Women’s Role in Protecting Our Environment
Posted by egehl on May 3, 2010
I was thinking this morning that it’s a shame “the worst” must be a description associated with my state yet again. The worst natural disaster in history and now the worst environmental catastrophe since the Exxon Valdez spill. As an oil slick barrels toward our fragile coastline and dwindling wetlands, I am reminded again how much we take our environment for granted until it’s at risk.
I am saddened by the explosion and destruction of the Deep Horizon exploration rig in the Gulf of Mexico which resulted in the presumed deaths of 11 people and injuries and stress to many more who were able to survive the catastrophe. The looming threat from the oil spill to my state’s wetlands and local communities will have a huge impact on our economy and protection against future storms as the oil destroys more of our natural defenses. In addition, our commercial fishing industry–a critical $2.4 billion economic engine for the region–is in grave jeopardy, which will impact thousands of families and businesses.
Since Hurricane Katrina, our state has struggled so hard to promote the restoration and protection of our coast because of land loss. Our coastline has barely recovered after five years so it’s difficult to think of it being hurt on top of what’s already happened—and just a month before hurricane season.
Recently we celebrated the 40th anniversary of Earth Day, and the catastrophe in the Gulf is a reminder of how fragile our environment is and the consequences that can happen due to human interference.
Women play an important part in environmental protection and in fact right now two women are playing a significant role in the oil clean up, Homeland Secretary Janet Napolitano and EPA Secretary Lisa Jackson. Ironically Lisa Jackson is from New Orleans which is advantageous for Louisiana as she helps to lead the Administration’s efforts to address the oil slick.
On a local level I got an email this morning from a good friend, Sharon, who is the Executive Director of Bayou Interfaith Shared Initiatives (BISCO), a nonprofit organization in Thibodeaux, LA that is part of the efforts to prevent the oil’s mass destruction. She is working with local, state and federal officials and making sure that the local people are part of the discussion and solution. BISCO will be one of the first groups to respond on the ground when emergencies like this occur and their leadership will help guide government officials. Sharon’s leadership is another example of the influence women can have when their communities need help.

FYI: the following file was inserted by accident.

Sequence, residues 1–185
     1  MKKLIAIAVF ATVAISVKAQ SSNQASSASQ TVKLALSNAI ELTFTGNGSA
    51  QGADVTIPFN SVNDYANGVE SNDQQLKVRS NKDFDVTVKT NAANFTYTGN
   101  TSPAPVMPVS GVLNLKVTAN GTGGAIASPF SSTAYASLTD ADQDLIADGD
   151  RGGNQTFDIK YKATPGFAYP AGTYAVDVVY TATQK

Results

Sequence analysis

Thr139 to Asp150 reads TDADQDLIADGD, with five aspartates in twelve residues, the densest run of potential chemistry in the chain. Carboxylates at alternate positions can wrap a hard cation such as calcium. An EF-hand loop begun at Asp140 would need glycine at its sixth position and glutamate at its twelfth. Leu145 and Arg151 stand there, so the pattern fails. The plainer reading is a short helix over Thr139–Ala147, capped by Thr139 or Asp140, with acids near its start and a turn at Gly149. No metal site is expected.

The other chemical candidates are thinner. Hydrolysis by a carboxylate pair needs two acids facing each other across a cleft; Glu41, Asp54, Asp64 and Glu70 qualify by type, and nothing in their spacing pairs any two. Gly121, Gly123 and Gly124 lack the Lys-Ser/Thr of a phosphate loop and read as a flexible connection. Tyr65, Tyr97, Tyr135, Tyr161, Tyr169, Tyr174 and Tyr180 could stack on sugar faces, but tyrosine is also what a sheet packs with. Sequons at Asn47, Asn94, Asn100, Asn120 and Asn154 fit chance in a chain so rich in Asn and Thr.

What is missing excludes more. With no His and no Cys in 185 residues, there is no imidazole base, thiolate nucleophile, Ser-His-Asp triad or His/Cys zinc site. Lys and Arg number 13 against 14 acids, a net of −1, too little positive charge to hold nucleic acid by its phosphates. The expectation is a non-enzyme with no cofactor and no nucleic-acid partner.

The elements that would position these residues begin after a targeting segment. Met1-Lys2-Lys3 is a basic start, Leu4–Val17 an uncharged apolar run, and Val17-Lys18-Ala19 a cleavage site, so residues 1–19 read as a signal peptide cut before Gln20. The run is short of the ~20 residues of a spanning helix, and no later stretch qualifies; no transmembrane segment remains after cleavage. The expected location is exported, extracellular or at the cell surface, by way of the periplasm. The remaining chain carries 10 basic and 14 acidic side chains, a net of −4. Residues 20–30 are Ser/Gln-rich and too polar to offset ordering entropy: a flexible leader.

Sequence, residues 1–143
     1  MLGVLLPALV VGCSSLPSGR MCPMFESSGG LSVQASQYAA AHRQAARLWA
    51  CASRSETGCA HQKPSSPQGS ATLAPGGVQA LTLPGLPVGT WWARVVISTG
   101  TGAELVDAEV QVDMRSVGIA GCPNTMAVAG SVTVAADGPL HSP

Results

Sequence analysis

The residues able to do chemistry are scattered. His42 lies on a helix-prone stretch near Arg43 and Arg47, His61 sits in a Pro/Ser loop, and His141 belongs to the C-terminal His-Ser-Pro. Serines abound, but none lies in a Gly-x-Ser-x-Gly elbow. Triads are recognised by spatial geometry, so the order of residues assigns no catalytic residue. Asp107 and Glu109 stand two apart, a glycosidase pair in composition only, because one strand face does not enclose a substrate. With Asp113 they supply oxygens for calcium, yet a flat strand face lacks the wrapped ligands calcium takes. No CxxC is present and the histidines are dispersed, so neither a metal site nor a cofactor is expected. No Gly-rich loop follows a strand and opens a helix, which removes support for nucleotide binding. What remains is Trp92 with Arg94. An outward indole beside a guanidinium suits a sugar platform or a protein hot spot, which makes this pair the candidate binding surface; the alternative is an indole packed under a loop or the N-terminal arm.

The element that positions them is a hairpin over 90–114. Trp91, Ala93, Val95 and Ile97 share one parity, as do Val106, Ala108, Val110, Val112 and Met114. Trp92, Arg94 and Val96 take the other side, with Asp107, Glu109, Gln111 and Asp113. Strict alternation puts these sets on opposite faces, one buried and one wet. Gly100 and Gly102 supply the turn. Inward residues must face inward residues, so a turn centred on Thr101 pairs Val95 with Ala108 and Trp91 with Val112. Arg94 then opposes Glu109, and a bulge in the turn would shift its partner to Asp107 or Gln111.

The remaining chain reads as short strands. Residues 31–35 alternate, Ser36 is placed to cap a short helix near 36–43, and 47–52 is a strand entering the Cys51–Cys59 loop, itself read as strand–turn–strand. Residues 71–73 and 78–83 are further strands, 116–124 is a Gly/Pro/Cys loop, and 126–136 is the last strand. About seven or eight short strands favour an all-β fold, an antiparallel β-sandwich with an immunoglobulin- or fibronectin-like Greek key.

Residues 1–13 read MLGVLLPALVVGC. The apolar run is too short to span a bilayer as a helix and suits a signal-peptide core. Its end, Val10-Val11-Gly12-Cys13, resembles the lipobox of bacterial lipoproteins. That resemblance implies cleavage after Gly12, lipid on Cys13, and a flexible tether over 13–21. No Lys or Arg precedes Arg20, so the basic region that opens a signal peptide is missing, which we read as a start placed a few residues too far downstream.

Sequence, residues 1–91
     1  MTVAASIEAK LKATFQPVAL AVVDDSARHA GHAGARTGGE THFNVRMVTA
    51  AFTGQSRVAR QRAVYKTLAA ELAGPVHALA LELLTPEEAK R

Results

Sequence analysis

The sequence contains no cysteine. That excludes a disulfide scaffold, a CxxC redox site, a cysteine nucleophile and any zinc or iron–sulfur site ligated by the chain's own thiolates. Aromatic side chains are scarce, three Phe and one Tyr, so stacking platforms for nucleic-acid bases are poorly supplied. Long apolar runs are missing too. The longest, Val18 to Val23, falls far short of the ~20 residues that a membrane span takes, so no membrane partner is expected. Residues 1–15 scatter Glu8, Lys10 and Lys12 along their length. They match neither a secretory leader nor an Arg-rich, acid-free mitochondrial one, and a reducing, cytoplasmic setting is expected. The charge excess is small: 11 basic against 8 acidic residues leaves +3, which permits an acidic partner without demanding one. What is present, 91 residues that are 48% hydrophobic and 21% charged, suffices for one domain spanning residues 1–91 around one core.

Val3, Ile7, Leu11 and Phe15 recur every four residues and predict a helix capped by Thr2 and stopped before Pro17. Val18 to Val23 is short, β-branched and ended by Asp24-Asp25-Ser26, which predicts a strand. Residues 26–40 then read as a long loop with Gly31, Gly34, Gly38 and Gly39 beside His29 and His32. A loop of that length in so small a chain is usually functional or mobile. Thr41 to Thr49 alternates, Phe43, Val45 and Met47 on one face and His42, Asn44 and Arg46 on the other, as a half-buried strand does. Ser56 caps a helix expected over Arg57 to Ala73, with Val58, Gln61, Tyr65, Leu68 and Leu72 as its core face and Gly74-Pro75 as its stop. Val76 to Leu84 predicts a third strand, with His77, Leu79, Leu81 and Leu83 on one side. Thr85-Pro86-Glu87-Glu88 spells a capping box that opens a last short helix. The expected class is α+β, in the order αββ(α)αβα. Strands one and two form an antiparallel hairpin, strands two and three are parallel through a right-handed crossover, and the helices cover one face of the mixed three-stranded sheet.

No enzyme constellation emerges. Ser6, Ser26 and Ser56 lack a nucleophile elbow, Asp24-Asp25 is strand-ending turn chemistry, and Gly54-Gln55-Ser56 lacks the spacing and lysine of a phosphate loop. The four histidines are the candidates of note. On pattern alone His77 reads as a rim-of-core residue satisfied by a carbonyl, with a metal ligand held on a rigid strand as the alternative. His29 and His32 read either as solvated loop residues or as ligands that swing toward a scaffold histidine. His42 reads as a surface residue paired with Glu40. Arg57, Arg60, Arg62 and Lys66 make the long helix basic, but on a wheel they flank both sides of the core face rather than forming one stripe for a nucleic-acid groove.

Worldwide everyday women play a significant role in preserving our earth as mothers, consumers, small business owners, bread winners and activists.
Environmental issues such as climate change, clean water, air pollution and preserving natural resources are important to women and their families, and women have the opportunity to inspire and lead others to act consciously about how their actions can help or harm the earth. Women make up the majority of the earth’s population and are vulnerable to detrimental changes to the planet therefore we have a vested interest in taking care of it.
Especially in third world countries, millions of women are struggling with environmental risk factors that can harm them. These include issues such as air pollution, contaminated water, lack of adequate sanitation, disease vectors and degraded ecosystems. Women depend on natural resources for their economic and physical health, and providing for their families.
Nearly all of the United Nations millennium development goals have implications for women and the environment. Since 2005, the U.N. has supported women’s roles in protecting biodiversity, indigenous knowledge and overseeing environmental resources.
Women should be empowered so that their actions lead to a healthier, more peaceful planet. Because women have a special vulnerability when it comes to the earth’s sustainability, their involvement with environmental efforts is crucial. And there are many efforts taking place worldwide that are addressing climate change, corporate accountability, United Nations reform and women’s political participation.
Women can be real catalysts for change for our environment through their everyday actions, by holding political office to lead a national response, or through their grassroots organizing to empower their local communities to be informed and poised for action.